Paying the price for penalties

Sherman resorting to high school-like drills to get point across

Coach Mike Sherman has gone old-school during practice this week in his latest attempt to crack down on his team's troublesome propensity for getting into trouble on the field.

Players who are penalized by a local crew of three officials or commit a turnover are promptly subjected to running a good distance. Generally, from one end of the expansive outdoor field to the fence on the other end and/or doing some situps.

"That's a long field - that's a 200-yard field. Nobody wants to be running that," running back Tony Fisher asserted Thursday following a practice that he said included quite a number of winded participants.

"We had a few too many penalties today, so there was a lot of running. We have a couple of more days to get it out of our system."

On the heels of committing 36 penalties totaling 274 yards in four preseason games, the transgressions were alarmingly unprecedented in a season-opening loss at Detroit on Sunday.

The mischievous Packers were cited 18 times for breaking the rules, of which 14 were enforced for 100 yards. It's the greatest number of penalties for one game with Sherman as coach since 2000 and the team's highest in nearly 18 years.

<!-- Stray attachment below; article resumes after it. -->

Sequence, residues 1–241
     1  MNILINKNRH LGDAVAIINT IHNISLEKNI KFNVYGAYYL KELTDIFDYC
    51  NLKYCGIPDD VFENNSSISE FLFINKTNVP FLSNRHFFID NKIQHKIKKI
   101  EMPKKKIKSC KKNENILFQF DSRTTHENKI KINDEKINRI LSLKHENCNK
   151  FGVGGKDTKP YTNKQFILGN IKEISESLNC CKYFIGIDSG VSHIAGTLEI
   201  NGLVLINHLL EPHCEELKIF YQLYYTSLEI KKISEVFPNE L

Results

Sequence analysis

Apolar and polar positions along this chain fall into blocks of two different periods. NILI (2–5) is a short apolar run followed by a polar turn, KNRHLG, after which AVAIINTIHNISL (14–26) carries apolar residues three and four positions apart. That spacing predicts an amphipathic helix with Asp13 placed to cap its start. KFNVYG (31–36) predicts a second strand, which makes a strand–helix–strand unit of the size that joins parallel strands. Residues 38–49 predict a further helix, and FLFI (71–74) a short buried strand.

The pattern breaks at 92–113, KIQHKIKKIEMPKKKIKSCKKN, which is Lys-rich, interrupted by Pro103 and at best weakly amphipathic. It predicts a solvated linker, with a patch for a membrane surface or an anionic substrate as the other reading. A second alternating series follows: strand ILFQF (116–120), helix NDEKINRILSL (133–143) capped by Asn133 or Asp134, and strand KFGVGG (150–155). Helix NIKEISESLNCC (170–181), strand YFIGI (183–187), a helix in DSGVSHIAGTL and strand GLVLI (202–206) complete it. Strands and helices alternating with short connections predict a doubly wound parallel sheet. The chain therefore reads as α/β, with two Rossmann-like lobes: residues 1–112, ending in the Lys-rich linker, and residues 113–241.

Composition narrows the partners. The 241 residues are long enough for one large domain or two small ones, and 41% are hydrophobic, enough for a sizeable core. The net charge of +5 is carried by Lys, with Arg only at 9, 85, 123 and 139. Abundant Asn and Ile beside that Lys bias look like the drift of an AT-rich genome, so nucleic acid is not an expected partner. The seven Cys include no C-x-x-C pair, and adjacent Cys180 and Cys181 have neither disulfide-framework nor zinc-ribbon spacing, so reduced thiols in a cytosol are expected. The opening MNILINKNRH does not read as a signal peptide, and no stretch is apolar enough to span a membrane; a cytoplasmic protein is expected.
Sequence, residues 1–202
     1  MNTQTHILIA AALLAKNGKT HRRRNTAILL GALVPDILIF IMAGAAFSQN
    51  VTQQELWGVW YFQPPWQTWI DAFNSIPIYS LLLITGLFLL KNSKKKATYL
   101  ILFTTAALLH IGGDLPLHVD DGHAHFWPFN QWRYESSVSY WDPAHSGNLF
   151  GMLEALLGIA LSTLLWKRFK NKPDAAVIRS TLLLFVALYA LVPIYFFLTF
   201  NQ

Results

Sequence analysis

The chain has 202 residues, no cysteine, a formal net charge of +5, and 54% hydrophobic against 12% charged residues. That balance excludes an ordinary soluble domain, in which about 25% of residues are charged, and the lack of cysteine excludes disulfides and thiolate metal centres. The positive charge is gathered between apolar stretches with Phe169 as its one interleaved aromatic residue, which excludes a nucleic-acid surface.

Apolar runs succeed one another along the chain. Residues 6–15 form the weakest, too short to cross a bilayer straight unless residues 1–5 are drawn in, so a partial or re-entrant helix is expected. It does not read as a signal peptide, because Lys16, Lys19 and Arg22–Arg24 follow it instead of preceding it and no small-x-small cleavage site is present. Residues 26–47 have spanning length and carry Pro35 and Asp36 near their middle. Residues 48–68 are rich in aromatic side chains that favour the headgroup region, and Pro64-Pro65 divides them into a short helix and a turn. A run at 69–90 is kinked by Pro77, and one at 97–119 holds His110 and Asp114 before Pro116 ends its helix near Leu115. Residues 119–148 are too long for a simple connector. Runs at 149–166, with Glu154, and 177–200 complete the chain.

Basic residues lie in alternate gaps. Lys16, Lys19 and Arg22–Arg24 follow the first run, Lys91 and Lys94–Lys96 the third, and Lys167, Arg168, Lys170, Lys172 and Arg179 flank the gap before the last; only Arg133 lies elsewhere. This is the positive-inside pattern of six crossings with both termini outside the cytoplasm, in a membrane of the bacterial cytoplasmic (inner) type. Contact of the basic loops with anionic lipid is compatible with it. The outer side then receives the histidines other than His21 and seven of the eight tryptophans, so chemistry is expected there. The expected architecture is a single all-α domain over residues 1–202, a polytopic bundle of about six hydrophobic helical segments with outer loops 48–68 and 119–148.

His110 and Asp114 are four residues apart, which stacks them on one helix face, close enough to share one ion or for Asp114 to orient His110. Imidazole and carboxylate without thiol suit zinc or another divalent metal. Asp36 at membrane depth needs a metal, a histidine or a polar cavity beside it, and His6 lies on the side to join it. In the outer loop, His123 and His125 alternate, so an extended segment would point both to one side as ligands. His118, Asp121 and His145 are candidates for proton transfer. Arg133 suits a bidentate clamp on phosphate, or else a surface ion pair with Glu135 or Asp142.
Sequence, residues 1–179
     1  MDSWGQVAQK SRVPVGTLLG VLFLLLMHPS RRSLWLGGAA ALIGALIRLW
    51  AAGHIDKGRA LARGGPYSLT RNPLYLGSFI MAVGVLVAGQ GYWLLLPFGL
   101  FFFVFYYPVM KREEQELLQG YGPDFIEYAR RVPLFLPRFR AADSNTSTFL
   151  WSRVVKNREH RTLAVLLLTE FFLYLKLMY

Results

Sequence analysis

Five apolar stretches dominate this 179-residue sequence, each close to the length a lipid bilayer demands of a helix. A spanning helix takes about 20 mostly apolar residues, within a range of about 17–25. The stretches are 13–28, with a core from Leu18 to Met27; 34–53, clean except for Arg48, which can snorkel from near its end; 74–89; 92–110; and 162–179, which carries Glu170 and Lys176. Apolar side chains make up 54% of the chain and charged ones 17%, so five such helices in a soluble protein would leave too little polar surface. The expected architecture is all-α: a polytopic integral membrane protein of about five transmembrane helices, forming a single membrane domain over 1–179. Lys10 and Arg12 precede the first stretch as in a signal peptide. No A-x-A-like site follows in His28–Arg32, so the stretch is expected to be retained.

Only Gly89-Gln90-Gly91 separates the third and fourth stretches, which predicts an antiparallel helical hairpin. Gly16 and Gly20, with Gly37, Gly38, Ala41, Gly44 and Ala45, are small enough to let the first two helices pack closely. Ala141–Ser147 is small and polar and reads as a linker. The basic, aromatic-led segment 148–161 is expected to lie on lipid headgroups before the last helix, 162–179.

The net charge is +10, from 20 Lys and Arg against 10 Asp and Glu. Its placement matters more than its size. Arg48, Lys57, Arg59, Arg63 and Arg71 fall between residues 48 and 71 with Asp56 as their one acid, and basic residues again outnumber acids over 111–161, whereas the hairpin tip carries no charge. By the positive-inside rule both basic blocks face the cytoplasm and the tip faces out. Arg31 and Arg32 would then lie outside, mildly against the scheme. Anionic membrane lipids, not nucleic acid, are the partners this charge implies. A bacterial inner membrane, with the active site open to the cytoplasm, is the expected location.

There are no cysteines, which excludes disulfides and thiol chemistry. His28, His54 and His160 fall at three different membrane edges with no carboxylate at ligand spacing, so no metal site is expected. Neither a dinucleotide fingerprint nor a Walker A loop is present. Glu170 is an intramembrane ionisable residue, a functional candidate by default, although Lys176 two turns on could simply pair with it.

"What we did last week was unacceptable, and we know that," right tackle Mark Tauscher said. Sherman has prided himself on coaching teams that have been highly disciplined. In his first five years, the Packers averaged only six penalties for 49 yards per game.

One game into this season, they rank second in the league behind the notorious lawbreakers from Oakland, who were penalized 16 times for 149 yards.

Eight of the Packers' penalties were charged to the offense, with four negating gains of 75 yards. Cornerback Ahmad Carroll, a chief offender as a rookie last season, committed four infractions on defense and lost his starting job this week to Joey Thomas.

Since his constant directives in meetings have seemingly fallen on deaf ears, Sherman resorted to the high school-like punitive measure of having players run in practice to pay for their inexcusable mistakes.

"There's only so much a coaching staff can do," Tauscher said. "It's up to the players to start executing better and more crisply. We have to start taking some ownership. The coaches coach, and we play. The coaches aren't the ones out there getting penalties. They're putting us in the best position to make plays, and if we don't start doing it, we're going to continue to struggle."

Packer Report Top Stories